Baker Electric Solar, a full-service solar provider, has designed and installed a 482.98 kW rooftop solar system for Marine Group Boat Works (MGBW), a West Coast family-owned boat building and repair company.
The San Diego-based shipyard and longtime Port of San Diego tenant is expected to see an 81% reduction in its annual electricity consumed based on past and projected consumption. Projections also indicate that MGBW will save an estimated $154,196 in energy costs in the first year.
According to Baker, the system consists of 1,558 Hyundai 310 W solar modules and 14 SMA inverters. MGBW has three facilities totaling more than 1,300,000 square feet, and the rooftop solar installation is located at the company’s 35,000-square-foot facility at 1313 Bay Marine Dr. in National City, Calif.
“Our initial decision to go solar was driven primarily by our desire to be a zero-emission, low-impact boat builder,” said MGBW President Todd Roberts. “There’s no question that solar is an economic benefit, but there are many other advantages – everything from self-reliance and sustainability to doing the right thing. We chose to do the right thing, as we have in our other lines of businesses, to continue being leaders in our community.”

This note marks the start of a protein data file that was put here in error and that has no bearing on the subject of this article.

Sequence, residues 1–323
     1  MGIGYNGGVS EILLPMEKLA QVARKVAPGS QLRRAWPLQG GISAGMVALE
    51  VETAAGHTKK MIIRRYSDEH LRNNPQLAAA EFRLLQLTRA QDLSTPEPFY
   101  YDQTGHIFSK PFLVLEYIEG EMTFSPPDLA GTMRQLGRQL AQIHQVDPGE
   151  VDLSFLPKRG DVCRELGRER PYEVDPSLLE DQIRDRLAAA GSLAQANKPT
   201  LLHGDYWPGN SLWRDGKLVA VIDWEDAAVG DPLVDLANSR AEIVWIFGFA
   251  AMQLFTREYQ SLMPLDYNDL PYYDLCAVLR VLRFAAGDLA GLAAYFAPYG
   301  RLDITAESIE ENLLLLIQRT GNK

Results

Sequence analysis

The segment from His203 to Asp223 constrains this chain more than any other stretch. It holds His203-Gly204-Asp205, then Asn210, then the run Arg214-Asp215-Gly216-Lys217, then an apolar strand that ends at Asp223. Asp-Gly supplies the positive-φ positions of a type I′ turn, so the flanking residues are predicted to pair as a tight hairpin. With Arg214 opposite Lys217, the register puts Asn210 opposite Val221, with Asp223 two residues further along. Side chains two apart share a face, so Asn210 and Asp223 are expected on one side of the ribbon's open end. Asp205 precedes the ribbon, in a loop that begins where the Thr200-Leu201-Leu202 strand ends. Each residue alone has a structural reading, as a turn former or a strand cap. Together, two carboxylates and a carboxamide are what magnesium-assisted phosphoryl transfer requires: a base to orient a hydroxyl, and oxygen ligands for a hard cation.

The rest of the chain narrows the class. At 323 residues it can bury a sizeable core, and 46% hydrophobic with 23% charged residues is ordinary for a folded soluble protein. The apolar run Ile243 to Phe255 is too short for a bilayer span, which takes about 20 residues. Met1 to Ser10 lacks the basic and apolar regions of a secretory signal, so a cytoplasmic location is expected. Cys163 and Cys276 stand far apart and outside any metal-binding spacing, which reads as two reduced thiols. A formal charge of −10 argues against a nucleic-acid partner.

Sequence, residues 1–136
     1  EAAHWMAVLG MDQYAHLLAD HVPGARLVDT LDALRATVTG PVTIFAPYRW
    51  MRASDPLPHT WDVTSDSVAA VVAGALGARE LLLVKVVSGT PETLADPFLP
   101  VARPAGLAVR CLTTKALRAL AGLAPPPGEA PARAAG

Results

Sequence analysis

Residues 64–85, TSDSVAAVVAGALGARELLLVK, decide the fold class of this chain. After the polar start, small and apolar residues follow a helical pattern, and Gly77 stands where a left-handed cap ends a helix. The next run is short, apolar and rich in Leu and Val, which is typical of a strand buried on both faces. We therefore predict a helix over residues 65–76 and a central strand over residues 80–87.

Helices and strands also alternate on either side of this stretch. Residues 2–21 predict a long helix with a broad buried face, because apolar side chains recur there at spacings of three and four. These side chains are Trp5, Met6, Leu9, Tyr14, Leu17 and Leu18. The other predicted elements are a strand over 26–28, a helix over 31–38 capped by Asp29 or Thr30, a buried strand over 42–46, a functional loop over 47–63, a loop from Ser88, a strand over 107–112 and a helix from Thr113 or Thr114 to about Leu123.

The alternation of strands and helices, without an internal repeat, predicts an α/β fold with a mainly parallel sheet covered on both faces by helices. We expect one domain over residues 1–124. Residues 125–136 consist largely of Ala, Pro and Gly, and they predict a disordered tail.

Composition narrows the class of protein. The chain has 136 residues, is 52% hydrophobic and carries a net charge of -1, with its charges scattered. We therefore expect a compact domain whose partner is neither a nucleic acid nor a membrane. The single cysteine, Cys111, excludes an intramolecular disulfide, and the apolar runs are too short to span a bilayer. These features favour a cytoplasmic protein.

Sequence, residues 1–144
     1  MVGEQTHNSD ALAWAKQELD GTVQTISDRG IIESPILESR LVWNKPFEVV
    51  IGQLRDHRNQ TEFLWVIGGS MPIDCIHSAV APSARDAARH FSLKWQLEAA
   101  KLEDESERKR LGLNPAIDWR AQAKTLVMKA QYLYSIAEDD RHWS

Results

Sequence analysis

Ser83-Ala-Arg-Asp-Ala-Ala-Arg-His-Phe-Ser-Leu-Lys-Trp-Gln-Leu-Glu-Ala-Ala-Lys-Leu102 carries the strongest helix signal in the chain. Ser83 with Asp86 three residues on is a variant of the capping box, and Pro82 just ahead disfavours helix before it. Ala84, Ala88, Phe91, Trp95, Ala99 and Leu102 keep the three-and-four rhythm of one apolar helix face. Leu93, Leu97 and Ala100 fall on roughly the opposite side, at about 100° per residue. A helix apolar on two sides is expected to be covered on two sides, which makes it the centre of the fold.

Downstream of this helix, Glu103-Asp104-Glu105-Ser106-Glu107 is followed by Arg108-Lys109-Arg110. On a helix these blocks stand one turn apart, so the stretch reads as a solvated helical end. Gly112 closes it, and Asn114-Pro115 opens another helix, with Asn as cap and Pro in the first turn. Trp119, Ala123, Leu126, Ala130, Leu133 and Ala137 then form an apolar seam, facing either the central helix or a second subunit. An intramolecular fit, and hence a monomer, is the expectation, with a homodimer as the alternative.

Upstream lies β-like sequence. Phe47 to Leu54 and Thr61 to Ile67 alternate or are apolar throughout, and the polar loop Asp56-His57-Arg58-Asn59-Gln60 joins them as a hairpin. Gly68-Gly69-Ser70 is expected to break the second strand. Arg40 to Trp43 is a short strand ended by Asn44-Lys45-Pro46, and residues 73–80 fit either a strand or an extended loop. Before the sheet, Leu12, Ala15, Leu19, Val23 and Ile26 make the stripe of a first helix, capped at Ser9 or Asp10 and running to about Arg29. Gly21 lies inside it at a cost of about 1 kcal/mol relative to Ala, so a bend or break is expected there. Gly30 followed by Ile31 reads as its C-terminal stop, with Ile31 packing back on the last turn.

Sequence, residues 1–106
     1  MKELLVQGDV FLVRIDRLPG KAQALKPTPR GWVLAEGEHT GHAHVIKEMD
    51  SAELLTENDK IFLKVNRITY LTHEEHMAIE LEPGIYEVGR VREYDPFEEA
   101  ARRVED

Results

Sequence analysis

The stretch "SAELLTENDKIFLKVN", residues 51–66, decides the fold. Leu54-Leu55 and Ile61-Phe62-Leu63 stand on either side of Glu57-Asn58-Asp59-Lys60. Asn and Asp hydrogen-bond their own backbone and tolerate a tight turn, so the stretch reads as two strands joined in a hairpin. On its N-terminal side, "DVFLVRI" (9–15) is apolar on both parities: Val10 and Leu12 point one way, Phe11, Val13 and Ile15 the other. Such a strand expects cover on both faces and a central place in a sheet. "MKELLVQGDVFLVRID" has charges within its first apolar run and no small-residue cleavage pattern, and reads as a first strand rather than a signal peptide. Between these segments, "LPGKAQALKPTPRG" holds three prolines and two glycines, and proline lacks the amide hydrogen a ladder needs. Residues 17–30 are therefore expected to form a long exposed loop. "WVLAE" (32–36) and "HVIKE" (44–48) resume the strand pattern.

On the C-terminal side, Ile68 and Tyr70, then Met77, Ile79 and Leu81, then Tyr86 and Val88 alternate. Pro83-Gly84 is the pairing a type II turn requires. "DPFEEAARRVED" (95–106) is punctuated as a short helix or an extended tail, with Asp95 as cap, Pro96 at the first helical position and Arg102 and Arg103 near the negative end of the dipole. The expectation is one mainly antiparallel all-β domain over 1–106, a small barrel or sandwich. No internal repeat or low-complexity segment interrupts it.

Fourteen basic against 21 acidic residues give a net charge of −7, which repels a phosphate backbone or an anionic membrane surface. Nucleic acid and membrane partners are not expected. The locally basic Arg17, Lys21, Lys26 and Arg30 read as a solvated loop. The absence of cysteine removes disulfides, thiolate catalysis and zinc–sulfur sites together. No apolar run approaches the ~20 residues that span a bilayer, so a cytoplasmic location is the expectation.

MGBW contracted with Baker following a nationwide search for a solar provider.
“The new solar system not only minimizes MGBW’s carbon footprint, but also provides more than $3 million in net savings over the 25-year warranted life of the solar modules,” said Scott Williams, Baker’s director of commercial solar . “We never lose sight of how renewable energy generation provides businesses with increased cashflow – freeing up capital to give them an edge in an ever-competitive environment.”
The solar installation builds on MGBW’s environmental business practices, which include reclaiming 100% of storm water runoff and eliminating any discharge into the bay. According to Baker, MGWB’s going solar also supports the goals of the Port of San Diego’s climate action plan, which calls for 10% reductions of all greenhouse-gas emissions by 2020 and 25% by 2035 compared to 2006 numbers.